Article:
On 6 September, the Nordic and Baltic ministers met in Oslo for the Nordic-Baltic Ministerial Council (MR-DIGITAL) meeting to discuss regional digital cooperation. The meeting resulted in a joint statement on the importance of Nordic-Baltic cooperation on digital solutions. The ministers reaffirmed their commitment to keeping the region at the forefront of digitalisation in Europe and the world, and announced expanding their cooperation.
The ministers have agreed to extend their cooperation to also include digital security, particularly in digital public services. Digital warfare, as seen in Russia's invasion of Ukraine, combined with an increase in global organised cybercrime highlights the need for enhanced cyber resilience in a region that heavily relies on digital services.
“We, the Nordic and Baltic ministers of digitalisation, find it valuable to cooperate and exchange information and experiences in order to ensure reliable digital infrastructures, as well as necessary competence and capacity to recognise and deal with cyber incidents or attacks.”
Following the ministerial meeting, on 7 September, politicians and business leaders were invited to the third edition of the conference "Digital North''. The first conference, on digital cooperation, was held in Oslo in 2017, with the establishment of the ad hoc Nordic-Baltic Ministerial Council (MR-DIGITAL) as a key outcome. In this council, both Nordic and Baltic countries are represented, as part of the shared goal of becoming the world's most digital and sustainable region. The objective of this year’s conference, also in Oslo, was to explore how the region can use digital solutions to promote sustainable development, as well as how we can ensure digitalisation is done in a sustainable and appropriate manner.
Digital security and digital inclusion were among the topics on the agenda. Reiterating ministerial meeting conclusions, Baltic and Nordic ministers emphasised the importance of countries sharing experiences and best practices in system architecture, information storage, digital security, and other digital competencies. The ministers also stated that increased reliance on digital solutions must be accompanied by proper digital inclusion. Not everyone is capable of easily adapting to a more digital way of life. The non-digital population must be considered and assisted, both by helping them keep up with digital advancements and by providing them with alternatives.
Another key topic was the usage of data in providing green digital solutions, and how data sharing can contribute to digital and sustainable goals. Data can assist business leaders and policymakers when deciding which solutions are most effective and sustainable, and was central to discussions on innovative and sustainable fishery and food production, as well as smart cities.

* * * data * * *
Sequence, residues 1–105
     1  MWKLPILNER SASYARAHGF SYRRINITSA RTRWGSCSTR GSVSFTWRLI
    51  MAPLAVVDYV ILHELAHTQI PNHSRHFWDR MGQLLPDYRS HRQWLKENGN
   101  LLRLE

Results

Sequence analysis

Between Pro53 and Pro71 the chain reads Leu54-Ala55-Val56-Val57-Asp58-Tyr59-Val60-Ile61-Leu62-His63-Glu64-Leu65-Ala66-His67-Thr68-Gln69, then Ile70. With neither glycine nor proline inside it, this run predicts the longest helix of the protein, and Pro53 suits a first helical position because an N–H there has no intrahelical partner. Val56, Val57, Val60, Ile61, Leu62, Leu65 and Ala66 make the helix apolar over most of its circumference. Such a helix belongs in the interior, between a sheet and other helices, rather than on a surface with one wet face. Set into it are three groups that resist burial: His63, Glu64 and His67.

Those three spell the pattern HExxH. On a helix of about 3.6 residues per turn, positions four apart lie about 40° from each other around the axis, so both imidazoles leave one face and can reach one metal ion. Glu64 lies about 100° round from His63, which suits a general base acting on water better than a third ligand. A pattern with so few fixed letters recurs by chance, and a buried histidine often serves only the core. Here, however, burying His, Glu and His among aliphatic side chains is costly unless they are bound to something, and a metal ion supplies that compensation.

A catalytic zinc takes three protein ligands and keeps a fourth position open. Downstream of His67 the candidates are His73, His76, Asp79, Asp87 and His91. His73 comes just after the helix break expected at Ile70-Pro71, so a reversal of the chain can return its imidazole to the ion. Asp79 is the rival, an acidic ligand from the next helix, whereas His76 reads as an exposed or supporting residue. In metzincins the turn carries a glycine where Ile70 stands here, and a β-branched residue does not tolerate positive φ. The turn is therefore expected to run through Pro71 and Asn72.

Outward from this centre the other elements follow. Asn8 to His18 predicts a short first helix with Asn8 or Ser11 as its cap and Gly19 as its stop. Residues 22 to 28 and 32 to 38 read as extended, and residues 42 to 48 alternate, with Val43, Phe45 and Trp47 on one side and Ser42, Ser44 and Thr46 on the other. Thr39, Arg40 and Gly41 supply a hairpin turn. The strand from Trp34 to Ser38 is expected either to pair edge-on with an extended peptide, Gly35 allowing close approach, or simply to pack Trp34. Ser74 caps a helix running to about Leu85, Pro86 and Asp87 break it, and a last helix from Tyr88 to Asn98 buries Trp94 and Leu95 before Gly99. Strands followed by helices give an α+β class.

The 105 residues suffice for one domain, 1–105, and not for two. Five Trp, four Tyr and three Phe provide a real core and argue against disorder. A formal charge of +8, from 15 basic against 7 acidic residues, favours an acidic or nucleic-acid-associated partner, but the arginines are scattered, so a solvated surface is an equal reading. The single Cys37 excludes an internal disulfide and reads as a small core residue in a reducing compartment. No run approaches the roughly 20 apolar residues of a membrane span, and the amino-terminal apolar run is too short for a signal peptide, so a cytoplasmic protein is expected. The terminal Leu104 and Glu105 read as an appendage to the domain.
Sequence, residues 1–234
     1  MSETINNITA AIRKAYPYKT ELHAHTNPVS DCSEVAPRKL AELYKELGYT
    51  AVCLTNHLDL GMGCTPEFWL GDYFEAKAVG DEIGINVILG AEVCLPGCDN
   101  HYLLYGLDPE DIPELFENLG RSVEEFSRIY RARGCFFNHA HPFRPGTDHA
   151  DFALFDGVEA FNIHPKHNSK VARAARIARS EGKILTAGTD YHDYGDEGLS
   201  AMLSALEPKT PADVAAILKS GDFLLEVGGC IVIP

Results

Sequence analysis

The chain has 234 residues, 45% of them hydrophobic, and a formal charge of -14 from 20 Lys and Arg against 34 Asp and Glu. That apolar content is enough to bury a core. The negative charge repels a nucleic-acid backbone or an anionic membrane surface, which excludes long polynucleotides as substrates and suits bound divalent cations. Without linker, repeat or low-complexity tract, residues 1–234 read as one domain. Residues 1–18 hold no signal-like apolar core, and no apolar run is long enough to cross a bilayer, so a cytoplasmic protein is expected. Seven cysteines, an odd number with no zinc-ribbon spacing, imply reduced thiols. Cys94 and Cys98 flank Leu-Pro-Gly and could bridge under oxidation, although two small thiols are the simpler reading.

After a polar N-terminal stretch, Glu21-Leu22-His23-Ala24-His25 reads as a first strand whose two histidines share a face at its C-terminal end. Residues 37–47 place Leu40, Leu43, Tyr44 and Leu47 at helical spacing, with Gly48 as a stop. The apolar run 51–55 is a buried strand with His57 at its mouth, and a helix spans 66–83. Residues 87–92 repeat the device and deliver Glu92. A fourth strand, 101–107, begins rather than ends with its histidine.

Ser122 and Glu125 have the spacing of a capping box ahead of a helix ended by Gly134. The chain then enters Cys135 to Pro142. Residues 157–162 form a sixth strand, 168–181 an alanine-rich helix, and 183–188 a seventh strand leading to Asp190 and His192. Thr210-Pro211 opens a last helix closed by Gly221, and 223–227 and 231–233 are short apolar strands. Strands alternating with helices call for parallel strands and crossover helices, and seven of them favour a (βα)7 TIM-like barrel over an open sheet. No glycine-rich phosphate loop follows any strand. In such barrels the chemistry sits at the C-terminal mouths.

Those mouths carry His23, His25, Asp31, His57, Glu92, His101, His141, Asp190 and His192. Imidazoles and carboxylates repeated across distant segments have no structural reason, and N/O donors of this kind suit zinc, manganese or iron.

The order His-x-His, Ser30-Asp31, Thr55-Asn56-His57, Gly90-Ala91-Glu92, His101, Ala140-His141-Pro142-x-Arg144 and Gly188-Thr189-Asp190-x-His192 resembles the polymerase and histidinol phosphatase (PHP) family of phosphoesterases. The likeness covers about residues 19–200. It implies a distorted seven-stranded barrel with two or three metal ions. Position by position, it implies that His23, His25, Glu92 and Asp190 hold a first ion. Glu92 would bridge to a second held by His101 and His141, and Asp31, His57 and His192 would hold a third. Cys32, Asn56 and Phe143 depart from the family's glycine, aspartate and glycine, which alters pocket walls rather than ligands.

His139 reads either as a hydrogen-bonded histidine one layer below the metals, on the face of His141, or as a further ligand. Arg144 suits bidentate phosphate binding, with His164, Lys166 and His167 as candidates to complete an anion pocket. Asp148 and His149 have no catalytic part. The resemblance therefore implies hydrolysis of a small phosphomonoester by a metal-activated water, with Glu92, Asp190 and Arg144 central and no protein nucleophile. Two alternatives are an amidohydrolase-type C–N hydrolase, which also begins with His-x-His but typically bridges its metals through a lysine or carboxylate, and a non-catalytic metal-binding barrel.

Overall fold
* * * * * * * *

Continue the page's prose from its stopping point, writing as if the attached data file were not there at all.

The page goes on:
Since its beginning in 2017, MR-DIGITAL has collaborated to find common digital solutions for cross-border cooperation and movement in the region. The strategic programme Cross Border Digital Services Programme will be working to improve mobility and integration throughout the region. The rollout of 5G in the region has also been a focus area of digital cooperation.
The conference concluded with closing remarks by Secretary General of the Nordic Council of Ministers, Paula Lethomäki. She addressed the competitive advantage of trust and cooperation, and its importance in data sharing. “Trust is needed in order to share data, and data – we have learned – is the fuel of our societies and economies.” Finally, Lethomäki emphasised the three main benefits of Nordic-Baltic cooperation, stating that it allows us to learn from one another, solve problems together, and combined have a stronger voice on the global stage.
Following the conference, Latvian Minister of Environmental Protection and Regional Development, Artūrs Toms Plešs, writes on Facebook:
“A green and digital economy are increasingly recognized as the main driving force in the fight against climate change, sustainable growth, poverty, pollution, health issues, and many more important aspects of our lives. To ensure this, Nordic and Baltic cooperation is needed to create joint digital solutions and more efficient use of resources.
We should also not be afraid to experiment and try new methods and approaches to strengthen and further develop the digital infrastructure capabilities of the North-Baltic region. Combining knowledge and ideas in the Nordic and Baltic region is smart and far-sighted.”